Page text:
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Public Works Clean and Green Crew working along the Greenway pathway.

Wilkes has several paying gigs, including writing software and writing as a free-lancer. Her byline is often seen in Hobby Farms magazine. This is one of her ‘just for fun’ activities.

As Wilkes walked along the pathway, her neighbors pitched in. Nicholas Dewar and Michael Rice topped the incline, tackling tendrils woven into the soil. Thickets of Cape ivy cloaked the slope up to Bosworth’s sidewalk edge. After a while, they unfurled a burlap bag, fashioned a hammock of uprooted ivy and descended to the path. Later, Dewar and John Walmsley carried it and additional bags to Lippard Avenue. Adam King attacked the hummock as if he were no stranger to such work. At Lippard’s crest, Killian Murphy worked, his cuffs grazed with thistle while Susanna Russo immersed herself ankle-deep in Cape ivy while jousting with a horizontal tree limb. Ann Edwards and Bonnee Waldstein, didn’t take to the slope, remaining below, filling their own bags.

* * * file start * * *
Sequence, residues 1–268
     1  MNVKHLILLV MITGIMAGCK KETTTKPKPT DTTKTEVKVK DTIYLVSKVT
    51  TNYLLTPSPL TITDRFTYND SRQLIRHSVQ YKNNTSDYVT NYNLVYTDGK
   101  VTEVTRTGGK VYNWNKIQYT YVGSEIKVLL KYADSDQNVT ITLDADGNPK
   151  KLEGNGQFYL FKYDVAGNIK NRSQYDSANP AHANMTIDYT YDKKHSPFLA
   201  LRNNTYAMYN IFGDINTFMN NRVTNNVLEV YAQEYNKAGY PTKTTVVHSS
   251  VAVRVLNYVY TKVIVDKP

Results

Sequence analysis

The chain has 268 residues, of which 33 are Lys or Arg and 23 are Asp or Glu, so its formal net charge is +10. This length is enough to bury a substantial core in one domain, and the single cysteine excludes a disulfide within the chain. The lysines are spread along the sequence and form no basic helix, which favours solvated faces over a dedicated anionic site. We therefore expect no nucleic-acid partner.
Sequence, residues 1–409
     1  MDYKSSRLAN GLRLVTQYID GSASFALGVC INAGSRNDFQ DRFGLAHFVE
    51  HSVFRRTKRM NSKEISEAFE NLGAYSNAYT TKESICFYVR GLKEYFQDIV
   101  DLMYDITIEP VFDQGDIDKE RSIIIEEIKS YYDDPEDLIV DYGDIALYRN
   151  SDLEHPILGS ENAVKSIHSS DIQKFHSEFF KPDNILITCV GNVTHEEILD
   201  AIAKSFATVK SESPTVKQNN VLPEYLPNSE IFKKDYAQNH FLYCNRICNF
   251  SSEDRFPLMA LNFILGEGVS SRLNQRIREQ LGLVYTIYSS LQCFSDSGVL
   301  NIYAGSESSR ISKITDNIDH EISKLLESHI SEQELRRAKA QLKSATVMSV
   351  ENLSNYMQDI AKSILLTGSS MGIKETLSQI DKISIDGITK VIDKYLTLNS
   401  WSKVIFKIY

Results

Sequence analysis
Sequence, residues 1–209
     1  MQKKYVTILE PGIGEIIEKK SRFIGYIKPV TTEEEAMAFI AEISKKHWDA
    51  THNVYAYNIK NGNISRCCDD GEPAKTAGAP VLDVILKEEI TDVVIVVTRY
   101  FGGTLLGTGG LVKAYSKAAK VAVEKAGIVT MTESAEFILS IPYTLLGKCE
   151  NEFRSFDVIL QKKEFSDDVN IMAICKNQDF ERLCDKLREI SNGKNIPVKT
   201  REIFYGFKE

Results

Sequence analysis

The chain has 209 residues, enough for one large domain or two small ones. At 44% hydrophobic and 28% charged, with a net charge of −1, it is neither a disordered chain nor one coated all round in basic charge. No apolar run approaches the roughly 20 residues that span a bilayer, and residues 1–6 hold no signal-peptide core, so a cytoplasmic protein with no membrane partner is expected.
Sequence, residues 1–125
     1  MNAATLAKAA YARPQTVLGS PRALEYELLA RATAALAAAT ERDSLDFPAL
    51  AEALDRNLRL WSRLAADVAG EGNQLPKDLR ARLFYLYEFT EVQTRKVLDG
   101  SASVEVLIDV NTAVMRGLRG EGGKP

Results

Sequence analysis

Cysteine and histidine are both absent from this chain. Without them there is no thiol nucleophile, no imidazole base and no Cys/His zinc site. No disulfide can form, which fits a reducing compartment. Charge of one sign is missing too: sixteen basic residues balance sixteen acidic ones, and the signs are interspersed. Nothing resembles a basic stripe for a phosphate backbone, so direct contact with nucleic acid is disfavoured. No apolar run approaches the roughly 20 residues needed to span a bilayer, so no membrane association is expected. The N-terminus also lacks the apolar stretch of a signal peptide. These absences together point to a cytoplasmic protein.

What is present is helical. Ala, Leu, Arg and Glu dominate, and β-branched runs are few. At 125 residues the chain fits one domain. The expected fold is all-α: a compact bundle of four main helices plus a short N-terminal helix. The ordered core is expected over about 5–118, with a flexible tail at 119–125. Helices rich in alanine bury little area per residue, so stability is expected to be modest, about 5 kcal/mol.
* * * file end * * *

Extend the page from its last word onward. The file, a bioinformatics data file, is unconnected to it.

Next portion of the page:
While not as difficult as shepherding sheep, Wilkes had to overcome her share of logistic hurdles pulling off the morning’s exercise.

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Bonnee Waldstein cleaning in the Greenway.

“Coordinating this with Public Works and Recology, particularly the date, wasn’t easy,” conceded Wilkes, who on the day of the work party wore brown overalls and a scarf covering her hair.

She smiled when the Recology vehicle braked on schedule. “I plan around the truck’s availability.”

“Lippard to Chilton is a particularly gnarly stretch of the Greenway,” explained Wilkes, formerly the GPA’s recording secretary. “It’s more densely overgrown.”

She’s done this before. Last June, 15 neighbors had cleared ivy and trash, filling 90 bags of compostable material from Brompton Avenue to Lippard Avenue. When you think that the average weekend gardner fills only four or five, it’s a whole lot of weeding going on.